State trying to shut down Gwinnett day care

by: Tony Thomas Updated:

State Investigators are trying to shut down a Gwinnett County day care, saying they found "flagrant rule violations that constitute shocking intentional misconduct."

GWINNETT COUNTY, Ga. - State Investigators are trying to shut down a Gwinnett County day care, saying they found "flagrant rule violations that constitute shocking intentional misconduct."

The 101 Kids Place facility near Sugarloaf Mills Mall though will remain open for the short term, at least while the license revocation ruling is appealed.

Parents and guardians of children in the facility told Channel 2’s Tony Thomas they never noticed any problems with the center.

Geneva Lineberger’s 2-year-old grandson attends 101 Kids Place.

"Is it a good place?" Thomas asked.

"I think so," replied Lineberger. "You know, stuff happens."

The Department of Early Care and Learning says a lot has happened at the center in recent months. 

Investigators noted 11 pages worth of violations in a December letter ordering revocation.

Assistant Commissioner Kristie Lewis wrote, "Correctable deficiencies in operation or management of the center existed and had not been sufficiently corrected."

Later she wrote the center and its workers, "Demonstrated a reckless disregard for the health and safety of the children in care."

Investigators say the biggest of the violations occurred at Peachtree Ridge Park back in September.

On complaint said workers allowed two 6-year-old girls to walk to the bathroom without supervision.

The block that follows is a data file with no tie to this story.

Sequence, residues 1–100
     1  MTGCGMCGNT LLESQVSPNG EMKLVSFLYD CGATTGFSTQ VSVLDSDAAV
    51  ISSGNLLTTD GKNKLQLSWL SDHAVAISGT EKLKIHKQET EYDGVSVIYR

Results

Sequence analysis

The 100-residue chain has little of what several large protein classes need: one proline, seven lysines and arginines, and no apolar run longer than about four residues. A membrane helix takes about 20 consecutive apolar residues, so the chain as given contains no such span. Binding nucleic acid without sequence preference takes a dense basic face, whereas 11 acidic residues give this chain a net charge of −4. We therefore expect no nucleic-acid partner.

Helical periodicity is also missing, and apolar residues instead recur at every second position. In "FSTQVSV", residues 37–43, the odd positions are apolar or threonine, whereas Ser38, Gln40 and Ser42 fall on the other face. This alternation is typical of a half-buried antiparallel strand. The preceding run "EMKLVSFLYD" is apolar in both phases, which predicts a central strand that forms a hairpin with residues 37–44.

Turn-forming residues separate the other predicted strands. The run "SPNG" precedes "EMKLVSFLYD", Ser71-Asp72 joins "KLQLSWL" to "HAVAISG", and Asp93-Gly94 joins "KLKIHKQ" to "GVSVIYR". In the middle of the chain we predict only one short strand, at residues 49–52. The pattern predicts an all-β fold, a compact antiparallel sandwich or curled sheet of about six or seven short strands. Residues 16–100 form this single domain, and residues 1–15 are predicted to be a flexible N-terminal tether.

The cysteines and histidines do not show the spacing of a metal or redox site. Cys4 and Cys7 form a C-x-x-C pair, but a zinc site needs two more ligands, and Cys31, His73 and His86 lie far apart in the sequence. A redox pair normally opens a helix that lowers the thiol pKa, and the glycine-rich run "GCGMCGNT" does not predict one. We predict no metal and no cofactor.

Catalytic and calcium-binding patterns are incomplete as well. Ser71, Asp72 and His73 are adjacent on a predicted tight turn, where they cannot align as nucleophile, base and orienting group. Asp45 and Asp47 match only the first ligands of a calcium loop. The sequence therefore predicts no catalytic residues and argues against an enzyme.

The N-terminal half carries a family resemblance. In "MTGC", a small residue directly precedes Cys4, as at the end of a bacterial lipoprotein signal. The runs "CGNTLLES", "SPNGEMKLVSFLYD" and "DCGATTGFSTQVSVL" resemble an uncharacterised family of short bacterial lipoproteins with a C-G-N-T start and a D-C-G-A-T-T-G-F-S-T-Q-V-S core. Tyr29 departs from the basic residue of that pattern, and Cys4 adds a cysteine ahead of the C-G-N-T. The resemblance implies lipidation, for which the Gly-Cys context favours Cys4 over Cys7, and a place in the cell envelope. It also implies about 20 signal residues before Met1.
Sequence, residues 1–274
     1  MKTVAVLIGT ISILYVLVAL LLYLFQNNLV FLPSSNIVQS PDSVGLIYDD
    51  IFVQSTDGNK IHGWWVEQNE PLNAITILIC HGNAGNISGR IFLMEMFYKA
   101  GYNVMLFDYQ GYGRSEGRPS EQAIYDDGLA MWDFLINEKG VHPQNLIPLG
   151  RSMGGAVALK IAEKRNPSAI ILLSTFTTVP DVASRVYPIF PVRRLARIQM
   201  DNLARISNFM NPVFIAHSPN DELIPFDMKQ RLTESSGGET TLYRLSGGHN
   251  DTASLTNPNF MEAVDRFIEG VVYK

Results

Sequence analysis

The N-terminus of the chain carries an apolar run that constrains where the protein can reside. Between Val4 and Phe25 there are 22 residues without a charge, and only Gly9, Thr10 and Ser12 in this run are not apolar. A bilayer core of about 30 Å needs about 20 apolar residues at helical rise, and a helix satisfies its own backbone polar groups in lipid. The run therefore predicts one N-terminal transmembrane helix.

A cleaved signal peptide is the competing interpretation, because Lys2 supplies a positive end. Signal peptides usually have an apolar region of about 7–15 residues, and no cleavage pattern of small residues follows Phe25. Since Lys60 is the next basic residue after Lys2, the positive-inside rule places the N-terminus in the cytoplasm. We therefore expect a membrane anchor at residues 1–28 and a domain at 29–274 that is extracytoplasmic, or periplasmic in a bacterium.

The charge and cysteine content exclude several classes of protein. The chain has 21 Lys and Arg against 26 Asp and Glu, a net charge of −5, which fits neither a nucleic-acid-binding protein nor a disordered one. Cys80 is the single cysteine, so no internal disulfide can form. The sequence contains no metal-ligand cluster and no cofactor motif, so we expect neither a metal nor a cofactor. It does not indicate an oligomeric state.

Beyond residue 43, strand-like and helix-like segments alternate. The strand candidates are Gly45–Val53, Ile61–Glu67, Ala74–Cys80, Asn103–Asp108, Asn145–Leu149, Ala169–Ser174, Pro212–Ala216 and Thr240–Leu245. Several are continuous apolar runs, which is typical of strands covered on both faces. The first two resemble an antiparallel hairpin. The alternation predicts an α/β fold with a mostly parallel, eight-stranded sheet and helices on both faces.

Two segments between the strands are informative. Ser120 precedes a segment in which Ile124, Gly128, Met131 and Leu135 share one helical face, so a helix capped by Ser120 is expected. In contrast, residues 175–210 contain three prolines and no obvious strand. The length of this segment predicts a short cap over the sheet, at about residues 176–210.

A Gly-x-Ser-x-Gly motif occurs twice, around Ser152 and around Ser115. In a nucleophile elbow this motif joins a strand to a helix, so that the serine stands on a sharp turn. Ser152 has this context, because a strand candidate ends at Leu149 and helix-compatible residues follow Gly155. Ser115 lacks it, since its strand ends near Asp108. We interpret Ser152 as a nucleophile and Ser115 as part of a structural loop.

While the girls were still inside the restroom, the day care van loaded up and pulled away. A passerby spotted the children later and called the day care center.

That struck a chord with Department of Early Care and Learning Commissioner Bobby Cagle. He's been pushing his investigators to enforce state rules more often ever since a Clayton County girl was killed after being left in a hot day care van in September, 2011.

The woman who operated the daycare where 2-year-old Jazmin Green attended was charged, along with at least two center workers. Since that day, Cagle says fines, citations  and revocations are dramatically up statewide.

"This is a failure that we cannot tolerate," Cagle said.

According to numbers Cagle has, the number of citations issued to Georgia day care centers has increased 1008 percent since 2010.

Fines are up 367 percent. Emergency closures are up by 600 percent and revocations have jumped 337 percent.

Cagle says the biggest issue for him is anytime a facility loses track of a child.